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Biochemical pharmacology

Production, uptake, and metabolic effects of cyclic AMP in the bivascularly perfused rat liver.


PMID 9464454

Abstract

Production, uptake, and metabolic effects of cyclic AMP (cAMP) were measured in the bivascularly perfused rat liver in anterograde and retrograde perfusion. Glucagon, cAMP, N6,2'-O-dibutyryl cAMP and N6-monobutyryl cAMP were infused into the portal vein (anterograde perfusion), the hepatic vein (retrograde perfusion), or the hepatic artery (anterograde and retrograde perfusion) in order to reach different cell populations. The following results were obtained: (1) cAMP release caused by glucagon was directly proportional to the cell spaces that were accessible via the hepatic artery in anterograde and retrograde perfusion; since the metabolic effects of glucagon were not proportional to the accessible cell spaces, this observation also implies a disproportion between cAMP release and metabolic effects of the hormone; (2) when cAMP and N6,2'-O-dibutyryl cAMP were given to all liver cells (e.g. when infused into the portal vein), their metabolic effects were qualitatively and quantitatively the same and qualitatively equal to the effects of glucagon; (3) the changes caused by cAMP were a function of the cell spaces that can be reached via the hepatic artery in anterograde and retrograde perfusion; this behaviour contrasts markedly with that of glucagon, whose metabolic effects were practically independent of the accessible cell spaces; and (4) the effects of N6,2'-O-dibutyryl cAMP and N6-monobutyryl cAMP were independent of the cell spaces that were accessible via the hepatic artery in anterograde and retrograde perfusion; in this respect their behaviour was equal to that of glucagon. It is apparent that exogenously added cAMP mimicked the metabolic effects of glucagon in the liver only when it was supplied to all liver cells. Since glucagon, N6,2'-O-dibutyryl cAMP, and N6-monobutyryl cAMP were able to produce a full response even when given to only 30% of the liver parenchyma, it was concluded that cAMP production under the stimulus of glucagon or in consequence of the metabolic transformation of N6,2'-O-dibutyryl cAMP and N6-monobutyryl cAMP occurs in a compartment to which exogenous cAMP has no access. cAMP generated within this compartment is possibly able to diffuse from cell to cell.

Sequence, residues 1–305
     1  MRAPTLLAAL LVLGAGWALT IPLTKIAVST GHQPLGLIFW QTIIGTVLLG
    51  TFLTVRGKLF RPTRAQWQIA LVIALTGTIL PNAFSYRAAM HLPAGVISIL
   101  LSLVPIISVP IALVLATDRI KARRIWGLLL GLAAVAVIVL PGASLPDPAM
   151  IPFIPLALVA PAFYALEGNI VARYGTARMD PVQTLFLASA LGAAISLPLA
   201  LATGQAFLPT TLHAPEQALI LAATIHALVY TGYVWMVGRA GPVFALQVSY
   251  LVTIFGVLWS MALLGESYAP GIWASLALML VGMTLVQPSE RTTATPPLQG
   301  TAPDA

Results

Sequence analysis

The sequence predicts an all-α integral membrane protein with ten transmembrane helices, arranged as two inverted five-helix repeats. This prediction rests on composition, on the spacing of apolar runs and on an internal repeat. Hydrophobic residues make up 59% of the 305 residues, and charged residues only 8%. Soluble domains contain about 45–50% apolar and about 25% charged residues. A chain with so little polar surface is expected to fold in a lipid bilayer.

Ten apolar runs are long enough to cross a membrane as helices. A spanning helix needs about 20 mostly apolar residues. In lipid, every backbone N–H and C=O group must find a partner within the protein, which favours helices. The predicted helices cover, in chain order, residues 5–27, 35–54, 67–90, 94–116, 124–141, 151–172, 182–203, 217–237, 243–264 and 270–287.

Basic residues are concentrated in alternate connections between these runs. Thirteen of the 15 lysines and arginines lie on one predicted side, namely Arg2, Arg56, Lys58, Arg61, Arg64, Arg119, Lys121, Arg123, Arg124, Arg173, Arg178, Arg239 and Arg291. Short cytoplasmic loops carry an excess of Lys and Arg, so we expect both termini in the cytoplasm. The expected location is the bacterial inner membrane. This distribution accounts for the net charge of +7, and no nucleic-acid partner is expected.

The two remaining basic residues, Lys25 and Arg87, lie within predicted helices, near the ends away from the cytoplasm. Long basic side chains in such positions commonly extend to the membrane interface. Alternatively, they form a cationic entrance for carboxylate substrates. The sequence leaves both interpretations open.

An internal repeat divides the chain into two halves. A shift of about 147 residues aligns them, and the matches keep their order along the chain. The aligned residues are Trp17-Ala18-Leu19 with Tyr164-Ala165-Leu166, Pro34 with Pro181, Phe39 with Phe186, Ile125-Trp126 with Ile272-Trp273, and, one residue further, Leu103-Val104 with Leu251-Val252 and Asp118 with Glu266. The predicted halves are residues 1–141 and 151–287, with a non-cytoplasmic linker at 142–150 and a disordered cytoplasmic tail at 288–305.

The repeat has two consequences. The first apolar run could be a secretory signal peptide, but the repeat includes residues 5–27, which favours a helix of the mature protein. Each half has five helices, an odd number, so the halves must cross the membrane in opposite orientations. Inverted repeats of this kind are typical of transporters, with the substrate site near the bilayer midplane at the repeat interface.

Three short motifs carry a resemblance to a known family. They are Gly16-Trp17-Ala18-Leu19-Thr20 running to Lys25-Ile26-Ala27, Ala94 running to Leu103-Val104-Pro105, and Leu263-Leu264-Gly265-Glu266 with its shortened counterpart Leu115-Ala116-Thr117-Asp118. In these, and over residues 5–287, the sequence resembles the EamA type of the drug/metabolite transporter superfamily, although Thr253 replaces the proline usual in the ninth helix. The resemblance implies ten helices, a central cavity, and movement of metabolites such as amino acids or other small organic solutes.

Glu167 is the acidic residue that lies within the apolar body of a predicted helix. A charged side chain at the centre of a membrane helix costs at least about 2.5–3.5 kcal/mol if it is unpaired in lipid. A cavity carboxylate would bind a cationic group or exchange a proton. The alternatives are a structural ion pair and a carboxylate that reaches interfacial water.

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M1380
N6-Monobutyryladenosine 3′:5′-cyclic monophosphate sodium salt
C14H17N5NaO7P